• Gossiping about other employees and/or spreading negative rumors.
  • Taking credit for or undermining others’ achievements.
  • Constantly pointing out the negative in any situation or change.
  • Dragging their heels or sabotaging new initiatives or projects.
  • Showing up late or leaving early for work or meetings.
  • Disrespecting managers and colleagues through comments or actions.
  • Doing a poor job on their assigned projects (and, often, blaming others).
  • Picking fights with co-workers.
  • Disregarding feedback, evaluations, or requests from managers and co-workers.

Strategies for Managing Difficult Employees

According to an article on the Small Business Administration website there is no way to dodge the need to manage bad behavior: “Difficult behavior rarely goes unnoticed by other employees and, if not addressed quickly, can prickle one too many feathers and lead to potentially explosive situations.” Yet, if you’re like most people, you dread confrontations and the possibility of living with a resentful, angry team member.

What should you do?

Keep an Open Door and an Open Ear

First, as a manager, you want to be sure that you know what’s going on among your employees. Often, difficult behavior doesn’t crop up in staff meetings, but instead rears its head in the lunchroom, at client meetings, or in other settings where you are not present. Employees need to feel free to report problems so that you’re not the last to know. That means your employees must see you as receptive to their input and unbiased in your judgment. An open-door policy, a willingness to listen, and a reputation for fairness will all work in your favor.

Keep an Open Mind

Once you start to hear about negative behavior, however, you need to ensure that what you’re hearing is accurate. Is Bob really being consistently offensive, or is the person reporting Bob’s behavior hyper-sensitive or even mean-spirited? To find out, you’ll need to document accusations and actual events, do your own observing, and also have a frank conversation with Bob.

Take the Bull by the Horns

There’s no point in beating around the bush. If a particular employee is causing problems, and you’ve ensured that the employee really is the source of those problems, you need to talk with that employee face to face, and as soon as possible. Of course, you’ll want a private setting, and you’ll want to choose the right time to talk—when no deadlines or meetings stand in the way.

Keep Your Emotions in Check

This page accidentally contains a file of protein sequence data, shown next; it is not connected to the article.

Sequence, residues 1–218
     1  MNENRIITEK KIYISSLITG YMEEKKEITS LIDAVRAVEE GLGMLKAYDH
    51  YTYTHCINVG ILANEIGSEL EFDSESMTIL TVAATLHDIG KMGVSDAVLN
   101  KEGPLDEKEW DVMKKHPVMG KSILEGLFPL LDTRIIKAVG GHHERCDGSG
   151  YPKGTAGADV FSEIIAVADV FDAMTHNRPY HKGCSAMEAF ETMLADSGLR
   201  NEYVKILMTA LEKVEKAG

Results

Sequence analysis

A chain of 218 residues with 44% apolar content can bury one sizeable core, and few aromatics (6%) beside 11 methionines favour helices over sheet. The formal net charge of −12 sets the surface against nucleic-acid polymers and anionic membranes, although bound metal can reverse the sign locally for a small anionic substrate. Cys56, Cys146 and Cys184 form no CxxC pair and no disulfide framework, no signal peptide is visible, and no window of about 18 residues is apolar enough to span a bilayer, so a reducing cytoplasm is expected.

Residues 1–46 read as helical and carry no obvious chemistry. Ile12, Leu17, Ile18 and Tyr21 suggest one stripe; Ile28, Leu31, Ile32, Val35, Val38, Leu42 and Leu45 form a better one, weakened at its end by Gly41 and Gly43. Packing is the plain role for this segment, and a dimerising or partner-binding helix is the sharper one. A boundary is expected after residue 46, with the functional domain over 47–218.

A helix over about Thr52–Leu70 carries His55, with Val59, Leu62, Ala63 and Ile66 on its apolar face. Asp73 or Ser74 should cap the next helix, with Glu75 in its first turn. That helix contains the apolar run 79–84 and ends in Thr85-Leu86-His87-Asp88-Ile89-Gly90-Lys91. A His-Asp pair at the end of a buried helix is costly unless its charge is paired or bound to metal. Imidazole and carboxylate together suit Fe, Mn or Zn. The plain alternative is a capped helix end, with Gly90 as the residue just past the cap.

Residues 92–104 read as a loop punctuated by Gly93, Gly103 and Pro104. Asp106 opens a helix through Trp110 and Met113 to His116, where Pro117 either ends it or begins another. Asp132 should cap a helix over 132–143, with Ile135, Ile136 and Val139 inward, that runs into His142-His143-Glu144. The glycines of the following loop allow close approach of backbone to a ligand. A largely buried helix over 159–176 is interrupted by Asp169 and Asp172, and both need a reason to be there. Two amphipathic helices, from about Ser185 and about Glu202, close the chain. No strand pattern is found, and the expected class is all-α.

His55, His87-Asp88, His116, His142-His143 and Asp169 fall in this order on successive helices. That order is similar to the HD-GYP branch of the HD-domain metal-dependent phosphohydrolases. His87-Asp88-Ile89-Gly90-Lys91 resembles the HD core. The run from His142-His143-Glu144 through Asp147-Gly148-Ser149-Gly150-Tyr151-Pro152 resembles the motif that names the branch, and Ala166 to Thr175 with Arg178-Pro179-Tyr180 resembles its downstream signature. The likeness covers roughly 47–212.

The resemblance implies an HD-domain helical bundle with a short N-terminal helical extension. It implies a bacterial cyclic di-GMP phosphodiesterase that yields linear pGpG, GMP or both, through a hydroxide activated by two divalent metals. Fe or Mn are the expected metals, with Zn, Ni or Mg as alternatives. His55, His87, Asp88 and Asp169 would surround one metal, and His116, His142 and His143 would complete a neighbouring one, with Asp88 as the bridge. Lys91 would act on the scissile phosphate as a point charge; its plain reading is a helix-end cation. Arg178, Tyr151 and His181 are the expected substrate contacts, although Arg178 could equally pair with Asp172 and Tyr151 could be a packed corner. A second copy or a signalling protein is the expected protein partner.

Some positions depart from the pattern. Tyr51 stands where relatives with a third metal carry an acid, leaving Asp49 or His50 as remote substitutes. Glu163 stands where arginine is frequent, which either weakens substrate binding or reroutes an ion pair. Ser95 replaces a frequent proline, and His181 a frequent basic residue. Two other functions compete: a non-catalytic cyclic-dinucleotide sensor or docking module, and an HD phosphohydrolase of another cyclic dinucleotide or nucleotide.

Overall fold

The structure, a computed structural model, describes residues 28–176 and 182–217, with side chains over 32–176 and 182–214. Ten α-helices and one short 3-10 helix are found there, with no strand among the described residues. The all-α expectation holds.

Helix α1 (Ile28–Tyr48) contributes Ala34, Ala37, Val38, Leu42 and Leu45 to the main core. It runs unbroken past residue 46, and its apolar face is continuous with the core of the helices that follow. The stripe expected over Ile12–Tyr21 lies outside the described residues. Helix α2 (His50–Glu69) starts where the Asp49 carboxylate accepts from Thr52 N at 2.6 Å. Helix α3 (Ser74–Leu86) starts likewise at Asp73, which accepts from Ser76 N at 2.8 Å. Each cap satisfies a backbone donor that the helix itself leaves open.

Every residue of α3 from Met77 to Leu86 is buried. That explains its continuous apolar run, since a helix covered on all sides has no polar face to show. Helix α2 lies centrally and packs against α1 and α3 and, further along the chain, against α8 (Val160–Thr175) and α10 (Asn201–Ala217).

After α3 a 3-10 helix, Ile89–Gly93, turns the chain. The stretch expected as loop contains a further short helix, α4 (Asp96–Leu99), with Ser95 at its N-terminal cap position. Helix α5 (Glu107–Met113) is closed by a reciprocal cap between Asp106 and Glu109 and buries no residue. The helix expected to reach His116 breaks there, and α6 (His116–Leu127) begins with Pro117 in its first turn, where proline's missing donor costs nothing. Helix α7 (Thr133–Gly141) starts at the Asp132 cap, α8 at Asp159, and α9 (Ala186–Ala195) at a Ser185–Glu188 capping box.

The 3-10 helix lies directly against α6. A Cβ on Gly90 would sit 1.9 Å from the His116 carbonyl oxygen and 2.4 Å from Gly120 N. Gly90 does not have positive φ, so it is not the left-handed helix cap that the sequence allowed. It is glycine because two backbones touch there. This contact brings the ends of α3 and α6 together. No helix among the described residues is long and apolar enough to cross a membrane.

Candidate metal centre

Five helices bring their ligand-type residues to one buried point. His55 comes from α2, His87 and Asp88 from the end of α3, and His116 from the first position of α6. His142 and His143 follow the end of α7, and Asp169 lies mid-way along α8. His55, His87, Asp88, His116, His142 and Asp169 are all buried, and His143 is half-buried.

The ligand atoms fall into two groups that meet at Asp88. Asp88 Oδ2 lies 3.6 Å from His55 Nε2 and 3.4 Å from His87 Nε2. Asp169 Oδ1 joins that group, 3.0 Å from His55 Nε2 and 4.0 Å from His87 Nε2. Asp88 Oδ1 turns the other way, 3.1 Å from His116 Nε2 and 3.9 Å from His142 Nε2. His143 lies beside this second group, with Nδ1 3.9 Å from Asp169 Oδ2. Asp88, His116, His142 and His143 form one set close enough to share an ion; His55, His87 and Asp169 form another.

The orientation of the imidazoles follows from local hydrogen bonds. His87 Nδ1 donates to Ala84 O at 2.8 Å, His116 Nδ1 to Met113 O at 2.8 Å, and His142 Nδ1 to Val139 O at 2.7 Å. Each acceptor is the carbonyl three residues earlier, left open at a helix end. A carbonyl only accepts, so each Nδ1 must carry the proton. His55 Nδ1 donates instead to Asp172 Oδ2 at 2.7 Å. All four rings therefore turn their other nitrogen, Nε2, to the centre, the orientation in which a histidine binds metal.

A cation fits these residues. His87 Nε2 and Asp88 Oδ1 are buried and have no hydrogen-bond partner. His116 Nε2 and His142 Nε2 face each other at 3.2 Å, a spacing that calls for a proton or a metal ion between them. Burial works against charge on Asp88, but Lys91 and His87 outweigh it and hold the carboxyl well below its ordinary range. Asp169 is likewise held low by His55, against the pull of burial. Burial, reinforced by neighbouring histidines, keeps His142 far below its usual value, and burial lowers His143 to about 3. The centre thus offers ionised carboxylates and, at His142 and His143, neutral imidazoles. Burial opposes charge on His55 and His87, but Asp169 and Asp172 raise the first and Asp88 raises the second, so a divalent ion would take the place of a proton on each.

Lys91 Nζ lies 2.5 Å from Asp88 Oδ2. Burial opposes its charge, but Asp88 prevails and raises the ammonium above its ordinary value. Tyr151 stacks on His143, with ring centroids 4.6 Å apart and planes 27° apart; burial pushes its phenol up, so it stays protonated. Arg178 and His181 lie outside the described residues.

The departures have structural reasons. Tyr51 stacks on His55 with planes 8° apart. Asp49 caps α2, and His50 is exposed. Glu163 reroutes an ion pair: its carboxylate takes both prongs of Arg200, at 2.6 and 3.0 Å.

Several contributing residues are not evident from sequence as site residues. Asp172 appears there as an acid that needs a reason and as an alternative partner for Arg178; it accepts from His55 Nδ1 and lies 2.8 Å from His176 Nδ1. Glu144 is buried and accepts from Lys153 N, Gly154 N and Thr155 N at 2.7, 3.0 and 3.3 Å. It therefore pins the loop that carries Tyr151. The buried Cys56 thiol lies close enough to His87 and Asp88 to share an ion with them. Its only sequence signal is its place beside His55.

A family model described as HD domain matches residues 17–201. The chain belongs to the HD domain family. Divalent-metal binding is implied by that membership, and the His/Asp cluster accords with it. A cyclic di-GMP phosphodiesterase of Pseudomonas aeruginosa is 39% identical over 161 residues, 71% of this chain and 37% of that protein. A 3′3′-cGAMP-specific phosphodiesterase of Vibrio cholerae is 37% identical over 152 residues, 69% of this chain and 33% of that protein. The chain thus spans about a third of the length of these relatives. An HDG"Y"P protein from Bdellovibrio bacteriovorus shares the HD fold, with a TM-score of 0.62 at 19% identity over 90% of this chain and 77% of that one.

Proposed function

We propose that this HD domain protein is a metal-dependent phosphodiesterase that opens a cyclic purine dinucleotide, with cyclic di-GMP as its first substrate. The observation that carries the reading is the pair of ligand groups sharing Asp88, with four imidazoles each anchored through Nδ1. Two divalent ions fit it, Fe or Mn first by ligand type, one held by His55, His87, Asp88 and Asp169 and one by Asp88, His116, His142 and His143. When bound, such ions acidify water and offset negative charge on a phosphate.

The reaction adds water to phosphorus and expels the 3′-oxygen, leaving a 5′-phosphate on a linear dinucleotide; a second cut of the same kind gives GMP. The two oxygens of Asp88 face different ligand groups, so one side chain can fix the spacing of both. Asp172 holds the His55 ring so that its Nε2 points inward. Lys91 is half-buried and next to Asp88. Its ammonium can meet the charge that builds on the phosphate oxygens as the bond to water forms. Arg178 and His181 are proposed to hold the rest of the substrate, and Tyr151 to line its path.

You may be furious about a team member’s behavior, but, as you probably know, the person who loses his cool loses the battle. You’ll need to put your feelings aside, stay calm, and focus on a successful, positive outcome.

Be Specific About the Issue

If Sam has come in late and left early every day for a week, say exactly that. If you suggest that he’s “unpunctual,” you may wind up in an argument about how often he’s turned up on time for staff meetings or handed in reports on time.

Discuss the Problem, Not the Person

Julia may be a pompous, close minded person—but for the purposes of your meeting, that’s not relevant. What may be more relevant is her penchant for undercutting every idea put forth at team meetings. Let Julia know what behaviors you want changed, but refrain from describing her personal qualities.

Provide Clear, Actionable Direction

In Sam’s case, you’re asking that he arrive no later than 9 and leave no earlier than 5. In Julia’s case, you’re asking that she hold her remarks until ideas have been fully described and explained, and that she frame her thoughts as open-ended questions rather than as negative comments. These are concrete goals that can be implemented, documented, and evaluated.

Ask Questions

Once you’ve had your say, let your employee have his or hers. In some cases, you may learn a great deal about your employee or about their situation. In other cases, your employee may have good ideas for improving their own behavior or the situation. For example, you may discover that a negative vibe between two employees has its roots in a high school rivalry that you knew nothing about. This information may not change the problem, but it does provide you with context.

Follow Up

Once you and your employee have had your conversation, follow up with a memo (copied, if appropriate, to human resources and/or your manager). Describe the conversation, the issues discussed, and the remedies agreed upon. Include a date for a follow-up discussion. This is the start of a documentation trail: if your employee continues to create problems, you have the ability to point to concrete evidence of a discussion about the issues.

Give Credit When It's Due

If your employee does as they are asked, and the situation improves, be sure to praise their efforts and their outcomes. The more positive feedback they receive, the more likely they are to continue doing good work.

Follow all of these strategies, and you may or may not reform your difficult employee. Whatever the outcome, however, you have used the right skills and followed the right path to improve the situation. At the very least, you and the other members of your team will have gathered the evidence and followed the right steps to address problem behaviors. If worse comes to worst, you’ll have the documentation to address the issue with your human resources department.

Managing for the Best Outcomes

It’s important to remember that every business has its share of difficult employees. Even the world’s greatest managers are sometimes saddled with employees they don’t like. In some cases, nipping problems in the bud and providing problem employees with clear cut direction really can have a tremendous positive impact. Some individuals simply need more clarity and specific instruction to manage their behavior. Whether an individual turns themselves around or not, though, you’ll have gained many of the skills you need to become a truly top-notch manager.